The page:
For including the public in public art
Illustration by Jamie Jones

In Atlanta’s civic circles, “public art” is a popular buzzword. But too often the projects are created by outsiders with little connection to the communities where the art is installed. Arts nonprofit WonderRoot has a different vision. When the Annie E. Casey Foundation approached the organization about creating a mural off University Avenue and McDaniel Street, just southwest of downtown, WonderRoot formed a consulting committee of neighborhood leaders and residents. “We believe that [those] who live with the artwork 365 days a year should have a voice in forming the content,” says WonderRoot executive director Chris Appleton.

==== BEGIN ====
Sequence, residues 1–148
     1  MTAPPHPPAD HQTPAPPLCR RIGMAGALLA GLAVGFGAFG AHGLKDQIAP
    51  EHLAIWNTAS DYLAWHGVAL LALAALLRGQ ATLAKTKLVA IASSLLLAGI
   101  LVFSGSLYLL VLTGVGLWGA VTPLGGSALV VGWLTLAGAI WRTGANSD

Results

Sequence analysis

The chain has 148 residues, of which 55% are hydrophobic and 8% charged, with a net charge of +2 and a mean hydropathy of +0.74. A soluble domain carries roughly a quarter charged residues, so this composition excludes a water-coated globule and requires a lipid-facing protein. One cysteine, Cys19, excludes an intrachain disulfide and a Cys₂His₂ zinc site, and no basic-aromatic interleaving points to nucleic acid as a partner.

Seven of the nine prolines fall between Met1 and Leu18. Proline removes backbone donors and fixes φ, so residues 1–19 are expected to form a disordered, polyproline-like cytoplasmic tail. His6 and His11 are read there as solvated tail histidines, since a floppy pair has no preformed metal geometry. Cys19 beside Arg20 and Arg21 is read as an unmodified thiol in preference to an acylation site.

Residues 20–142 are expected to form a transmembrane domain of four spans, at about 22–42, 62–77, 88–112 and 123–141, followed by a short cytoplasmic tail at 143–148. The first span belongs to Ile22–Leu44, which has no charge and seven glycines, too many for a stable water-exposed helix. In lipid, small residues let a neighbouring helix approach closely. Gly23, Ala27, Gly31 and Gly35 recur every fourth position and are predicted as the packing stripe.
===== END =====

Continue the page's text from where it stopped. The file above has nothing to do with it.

The completed project celebrates the past and future of Pittsburgh, Adair Park, Capitol View, and Capitol View Manor with three sculpted cement panels and four sculptures made by local artist Fred Ajanogha, with help from fellow artists Eddie McBride in Pittsburgh and Katlin Rothacher in Capitol View. WonderRoot is using the community-first approach for future installations, such as a wayfinding sign project celebrating the residents of Reynoldstown, and En Route, a project to install art at various MARTA stops. WonderRoot is also renovating the old Tech High School on Memorial Drive as its future home base.

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This article originally appeared in our September 2015 issue.